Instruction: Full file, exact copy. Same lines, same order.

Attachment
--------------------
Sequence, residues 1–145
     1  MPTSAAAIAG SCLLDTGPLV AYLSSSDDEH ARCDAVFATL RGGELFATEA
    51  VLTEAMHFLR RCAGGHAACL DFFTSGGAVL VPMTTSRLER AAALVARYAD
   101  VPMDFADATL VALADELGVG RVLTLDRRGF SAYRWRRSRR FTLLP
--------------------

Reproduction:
Sequence, residues 1–145
     1  MPTSAAAIAG SCLLDTGPLV AYLSSSDDEH ARCDAVFATL RGGELFATEA
    51  VLTEAMHFLR RCAGGHAACL DFFTSGGAVL VPMTTSRLER AAALVARYAD
   101  VPMDFADATL VALADELGVG RVLTLDRRGF SAYRWRRSRR FTLLP